The waters of Tobago are crystal clear and teeming with life. Whether you want to just relax on a gentle Tobago boat trip and enjoy the view, or get physical with some Tobago game fishing or kite surfing, the island has it all. As Tobago is so small, no activity is far away from you, and it’s all accessible, wherever you’re staying.
If you fancy lying on the beach all day but your partner wants some Caribbean sporting action, Tobago ticks all the boxes…..here’s just a smidgeon of what you can get up to on a Tobago holiday.
Tobago has plenty for the novice or experienced diver.
Because of the island’s geographical location, with the Atlantic one side and the Caribbean Sea the other, the waters are teeming with life and colour and fed by the mighty Orinoco River which flows out of Venezuela.
This plankton-rich corner of the Caribbean and Atlantic makes it a nutritious and fertile place for sealife, and so too of course, for divers and snorkellists.
Try some snorkelling at Mount Irvine or Arnos Vale where just wading out to your waist and putting your head in the water will mesmerise you with orange, pink, yellow and blue angel fish, parrot fish and tube sponges, as well as flying fish, sting rays, barracuda, tarpons, and glassy sweepers.
It’s another world.
New or veteran divers can enjoy wreck diving, drift dives, night dives and rock reefs, with the chances to encounter those manta rays, hawksbill and leatherback turtles, and nurse sharks.
Speyside on the north of the island is a popular destination for experienced divers and it’s here that you’ll get a chance to spot Tobago’s most famous marine attraction, the Giant Manta Rays that make regular appearances in the spring and early summer.
Tobago is also home to the biggest brain coral in the world, which is just one amongst 300 species found in Tobago waters.
There’s a terrific choice on the island for dives, levels and experiences, and qualified operators. Here are two we can recommend:
If you fancy a day of serious fishing, Tobago is a perfect location. The offshore fishing season starts in October and runs right through till June. Coastal fishing is all year round and is excellent.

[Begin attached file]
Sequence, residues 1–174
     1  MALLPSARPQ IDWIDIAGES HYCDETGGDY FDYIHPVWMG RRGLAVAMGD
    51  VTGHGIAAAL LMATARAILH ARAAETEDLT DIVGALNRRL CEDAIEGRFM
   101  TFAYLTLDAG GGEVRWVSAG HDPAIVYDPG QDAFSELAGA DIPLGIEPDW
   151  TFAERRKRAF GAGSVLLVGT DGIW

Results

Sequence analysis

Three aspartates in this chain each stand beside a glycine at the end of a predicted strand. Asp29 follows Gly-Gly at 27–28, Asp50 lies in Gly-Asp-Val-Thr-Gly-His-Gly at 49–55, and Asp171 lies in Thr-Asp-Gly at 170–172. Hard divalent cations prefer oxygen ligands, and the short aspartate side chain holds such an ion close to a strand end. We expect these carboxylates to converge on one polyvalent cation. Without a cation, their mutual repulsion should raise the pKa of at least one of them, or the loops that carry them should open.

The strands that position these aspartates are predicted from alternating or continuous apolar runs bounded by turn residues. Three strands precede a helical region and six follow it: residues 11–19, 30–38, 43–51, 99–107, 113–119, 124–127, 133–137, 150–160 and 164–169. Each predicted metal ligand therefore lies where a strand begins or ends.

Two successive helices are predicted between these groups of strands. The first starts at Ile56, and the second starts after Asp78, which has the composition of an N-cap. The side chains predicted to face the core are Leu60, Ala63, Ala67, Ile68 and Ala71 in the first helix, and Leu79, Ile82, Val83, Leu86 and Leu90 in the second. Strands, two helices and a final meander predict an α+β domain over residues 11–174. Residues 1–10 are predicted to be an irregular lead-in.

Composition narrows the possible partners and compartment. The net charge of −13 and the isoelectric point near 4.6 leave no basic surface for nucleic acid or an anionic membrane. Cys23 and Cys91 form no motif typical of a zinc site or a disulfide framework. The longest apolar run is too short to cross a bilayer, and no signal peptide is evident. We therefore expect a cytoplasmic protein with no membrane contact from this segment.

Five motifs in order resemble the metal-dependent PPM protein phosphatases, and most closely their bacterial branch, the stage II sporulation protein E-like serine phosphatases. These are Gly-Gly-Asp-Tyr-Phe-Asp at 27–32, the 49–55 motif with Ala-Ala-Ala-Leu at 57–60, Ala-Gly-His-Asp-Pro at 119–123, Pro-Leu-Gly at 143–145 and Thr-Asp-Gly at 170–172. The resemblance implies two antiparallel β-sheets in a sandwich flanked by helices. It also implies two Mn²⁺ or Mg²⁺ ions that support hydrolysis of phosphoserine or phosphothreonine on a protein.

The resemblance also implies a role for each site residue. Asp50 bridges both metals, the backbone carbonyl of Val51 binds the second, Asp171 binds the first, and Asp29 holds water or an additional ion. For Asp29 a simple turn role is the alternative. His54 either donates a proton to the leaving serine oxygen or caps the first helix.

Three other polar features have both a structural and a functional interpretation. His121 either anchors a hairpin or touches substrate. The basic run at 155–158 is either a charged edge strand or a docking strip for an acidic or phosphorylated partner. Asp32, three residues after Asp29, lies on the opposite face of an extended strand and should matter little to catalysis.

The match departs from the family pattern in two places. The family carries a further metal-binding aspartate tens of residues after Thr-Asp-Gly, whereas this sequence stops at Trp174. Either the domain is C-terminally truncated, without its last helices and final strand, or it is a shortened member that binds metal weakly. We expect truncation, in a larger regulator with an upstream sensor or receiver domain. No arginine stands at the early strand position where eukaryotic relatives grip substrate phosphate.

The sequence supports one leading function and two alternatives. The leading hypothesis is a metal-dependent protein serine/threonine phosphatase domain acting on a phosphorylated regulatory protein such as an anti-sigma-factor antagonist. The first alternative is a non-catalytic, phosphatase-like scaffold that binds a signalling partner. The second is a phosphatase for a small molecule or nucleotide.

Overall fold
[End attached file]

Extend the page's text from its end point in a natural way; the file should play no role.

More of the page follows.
Hard Play Fishing Charters operate a sports fishing service for light tackle and fly fishing, both offshore and coastal.
Capt. Gerard ‘Frothy’ De Silva and his crew have proudly released over 200 Marlin up to 700 lbs, over 200 Sailfish and have caught Swordfish, Long Bill Spearfish and Mako Shark in the waters off Tobago.
For more information about ‘Hard Play’ visit their very good website Hard Play or phone 001 868 639 7108
The Tobago International Game Fishing Tournament is held each year in March from the beautiful fishing village of Charlotteville, Tobago has some of the Caribbean’s most productive big game fishing grounds.
For more information about the Tournament visit the website Tobago International Game Fishing
A fun activity the whole family can do together.
Your instructor will teach you how to balance, turn, and move along the water at your own pace.
The still waters of Pigeon Point are ideal for learners, and for those who like a challenge there’s always the chance to surf a wave.
This activity is perfect for children and adults, and particularly fun on a cloudy, Tobago rainy, but still hot day.
More info: Stand Up Paddle Tobago
So what’s bioluminescence? It’s the emission of light by a living organism. In Tobago, those organisms are fireflies and dinoflagellates.
You can take a night time kayak and experience the wonder of the sea lit up beneath you – it’s an incredible sight and something you’ll never forget.
Duane Kenny of the Stand Up Paddle team is the man to speak to.
More info: Stand Up Paddle Tobago
Kitesurfing and windsurfing are both popular and well established waterports in Tobago.
Fully qualified and experienced instructors offer various courses for the beginner or the surfing veteran who wants to polish their skills.
More info: Radical Sports Tobago
Sail away with the ‘Island Girl’. She is a custom-built, state of the art 43 foot catamaran where you will be pampered to the hilt.
You can choose a day sail or a sunset sail. You can sunbathe on deck, listen to music, and enjoy the open bar – oh yes! – and a buffet lunch.
Have the chance to spot sting rays, dolphins and turtles, up close. You’re looked after by a professional crew who can also kit you out with snorkelling gear if the fancy takes you.
The catamaran is equipped to take 40 passengers but day sails set off with no more than 26 on board, so there’s lots of space to relax and well as make friends.
Check out the
Island Girl website for more details Sail to Tobago
There can hardly be a visitor to Tobago who doesn’t do this trip. And it’s well worth it.
You’ll be approached by friendly locals all vying for your trade hoping you’ll join one of the small fleet of wooden boats that set off each morning from Store Bay. They’re all manned by friendly locals who know the waters and sealife well.
You’ll be taken over some of Tobago’s precious coral reefs, and, best of all, stop at the fabulous Nylon Pool – an amazing turquoise shallow pool of water way out to sea where you can jump out of the boat and wade around up to your waist.
Why is it called the Nylon Pool? Well there are quite a few theories as to where it got its name from.
Our favourite is the story that when Princess Margaret came to the island on her honeymoon in 1960, she thought the pool was so silky smooth that it reminded her of silky smooth ‘nylons’ which were the height of fashion and desirability then – or ‘tights’ to you and me!